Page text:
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Wednesday, September 27, 2023

Low Cost, High Returns: How Gold-mining Operations Benefit from Heap Leaching Extraction Technology

Heap leaching can provide a simple, low-cost method for gold mining.

Building and permitting a mill to process mined resources can take at least a decade, not to mention a large outlay of capital. Heap leaching is a hydrometallurgical technique with lower operational costs than more conventional processing technologies. The technique offers gold producers a user-friendly extractive solution with the ability to significantly improve recovery rates and fast-track a property into production. This well-proven and cost-effective approach to precious metals extraction has been used by majors including Barrick Gold (TSX:ABX,NYSE:GOLD) and Newmont (TSX:NGT,NYSE:NEM), and is increasingly being considered both in the design of new mines and the expansion of existing operations.

Heap leaching improves efficiencies, lowers costs

The heap leaching process for precious metals typically begins with low-grade surface ore that has been separated through crushing. To maximize recoveries, this crushed ore is then agglomerated prior to leaching. This involves mixing the ore with lime or portland cement to produce larger masses of material that are more uniform and easier to leach than fine particulate matter which can clog and slow down the flow of solution as it percolates through the heap. Once the agglomeration stage is complete, the material is then spread over high-density polyethylene membrane-lined leaching pads specially designed to prevent contaminants from entering the soil and groundwater. Next, a leaching solvent such as sulfuric acid or cyanide is sprayed over the ore, dissolving the gold and silver as it passes through the heap. This creates a solution pregnant with valuable minerals that can be recovered via carbon absorption or the Merrill-Crowe process.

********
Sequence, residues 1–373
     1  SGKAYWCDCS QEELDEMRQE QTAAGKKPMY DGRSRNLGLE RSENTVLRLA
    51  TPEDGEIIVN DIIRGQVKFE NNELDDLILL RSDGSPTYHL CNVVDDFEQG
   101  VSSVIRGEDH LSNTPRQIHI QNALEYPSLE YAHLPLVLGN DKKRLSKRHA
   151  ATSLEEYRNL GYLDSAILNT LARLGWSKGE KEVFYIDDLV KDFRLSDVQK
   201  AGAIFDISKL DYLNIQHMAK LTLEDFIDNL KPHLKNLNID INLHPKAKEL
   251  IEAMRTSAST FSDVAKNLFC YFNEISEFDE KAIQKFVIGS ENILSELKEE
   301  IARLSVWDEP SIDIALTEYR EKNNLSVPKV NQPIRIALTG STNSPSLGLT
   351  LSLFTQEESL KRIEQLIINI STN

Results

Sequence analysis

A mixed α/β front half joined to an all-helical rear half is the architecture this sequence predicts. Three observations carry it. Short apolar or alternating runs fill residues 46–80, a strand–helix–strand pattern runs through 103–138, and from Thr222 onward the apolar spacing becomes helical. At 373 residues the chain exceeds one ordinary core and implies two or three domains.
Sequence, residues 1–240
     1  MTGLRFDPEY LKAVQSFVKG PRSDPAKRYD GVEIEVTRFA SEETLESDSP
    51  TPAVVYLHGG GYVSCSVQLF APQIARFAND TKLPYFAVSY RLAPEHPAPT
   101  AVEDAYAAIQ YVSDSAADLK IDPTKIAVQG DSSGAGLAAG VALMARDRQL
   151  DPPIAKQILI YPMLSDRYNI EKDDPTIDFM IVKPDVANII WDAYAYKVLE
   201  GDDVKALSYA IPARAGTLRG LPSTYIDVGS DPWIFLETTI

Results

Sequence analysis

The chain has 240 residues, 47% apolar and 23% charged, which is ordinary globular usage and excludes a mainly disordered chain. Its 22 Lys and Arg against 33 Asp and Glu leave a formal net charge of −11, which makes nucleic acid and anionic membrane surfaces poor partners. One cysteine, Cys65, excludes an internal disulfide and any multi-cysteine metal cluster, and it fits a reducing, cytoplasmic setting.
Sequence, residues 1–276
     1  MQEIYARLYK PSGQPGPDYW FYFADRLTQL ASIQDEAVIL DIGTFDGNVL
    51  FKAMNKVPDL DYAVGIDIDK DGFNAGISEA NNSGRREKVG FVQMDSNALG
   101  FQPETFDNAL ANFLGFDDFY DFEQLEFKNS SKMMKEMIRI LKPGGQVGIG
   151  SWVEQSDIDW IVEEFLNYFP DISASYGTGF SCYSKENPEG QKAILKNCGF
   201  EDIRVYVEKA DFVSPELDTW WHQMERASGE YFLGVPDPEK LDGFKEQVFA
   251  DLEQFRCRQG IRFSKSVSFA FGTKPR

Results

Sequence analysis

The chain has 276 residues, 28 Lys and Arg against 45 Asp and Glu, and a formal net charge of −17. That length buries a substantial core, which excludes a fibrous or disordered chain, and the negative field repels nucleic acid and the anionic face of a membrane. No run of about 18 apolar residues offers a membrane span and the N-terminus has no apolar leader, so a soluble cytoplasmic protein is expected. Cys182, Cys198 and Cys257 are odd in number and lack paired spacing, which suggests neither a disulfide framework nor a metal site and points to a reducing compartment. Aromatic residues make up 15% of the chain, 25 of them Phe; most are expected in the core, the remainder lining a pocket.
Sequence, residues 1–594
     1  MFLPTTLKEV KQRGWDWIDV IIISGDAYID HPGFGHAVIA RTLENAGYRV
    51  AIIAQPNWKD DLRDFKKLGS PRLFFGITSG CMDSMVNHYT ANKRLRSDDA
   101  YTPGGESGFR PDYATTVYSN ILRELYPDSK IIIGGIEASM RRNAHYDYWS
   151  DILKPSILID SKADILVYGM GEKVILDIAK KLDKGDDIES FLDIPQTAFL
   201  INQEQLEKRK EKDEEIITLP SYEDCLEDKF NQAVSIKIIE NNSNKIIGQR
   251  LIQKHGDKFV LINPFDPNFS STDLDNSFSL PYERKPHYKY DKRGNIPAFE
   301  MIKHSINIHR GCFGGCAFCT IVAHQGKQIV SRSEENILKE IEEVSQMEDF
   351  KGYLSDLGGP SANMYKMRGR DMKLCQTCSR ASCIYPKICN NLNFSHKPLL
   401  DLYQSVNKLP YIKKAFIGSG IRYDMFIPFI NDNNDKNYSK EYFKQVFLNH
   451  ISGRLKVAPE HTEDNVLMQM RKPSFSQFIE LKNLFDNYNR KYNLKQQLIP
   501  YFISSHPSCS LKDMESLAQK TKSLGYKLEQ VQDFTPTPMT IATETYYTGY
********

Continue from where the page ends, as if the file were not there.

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CANEX Metals (TSXV:CANX) CANEX Metals (TSXV:CANX) CEO Dr. Shane Ebert has been involved in the discovery of three notable porphyry and bulk tonnage style deposits and he hasn’t stopped there.Send me an Investor Kit

Gold projects that host near-surface mineralization associated with low-grade oxides that are also capable of supporting a large-scale mining project are more amenable to the heap leach process. The process can also be used to recover economical amounts of valuable metals from tailings and waste stockpiles. High grade, sulphide gold often requires more sophisticated processing techniques with more expensive equipment. In deposits that contain both oxides and sulfides , heap leaching the oxide resources can move a project to cash flow at a quicker pace and generate the capital required to finance the more expensive processing facilities required to tackle a sulphide orebody.

Exploration companies like CANEX Metals (TSXV:CANX) have the potential to leverage on heap leaching extraction systems as a low cost mining technology. CANEX is currently developing a new gold discovery at its flagship Gold Range project in Arizona. “We’re right on the edge of the discovery curve. We have sampled widespread gold mineralization over a 5 by 3 kilometre area. We have mapped key controlling structures with geophysics and identified several targets across our Gold Range property. Our current focus is on the Eldorado oxide gold target which has a potential size of 200m x up to 3km. While it is early days, RC drilling to date is giving us some good bulk tonnage grades with good continuity. The preliminary metallurgical (cyanide soluble gold results from Eldorado) confirm the potential as a bulk tonnage heap leach target and further de-risk the exploration concept. The average cyanide soluble gold value of 79.5% compares very well to current heap leach producers and development projects in western North America. We’re really excited to see this opportunity develop as the market is in need of high value, heap leach, low-cost mining targets,” said CANEX Metal CEO Dr. Shane Ebert.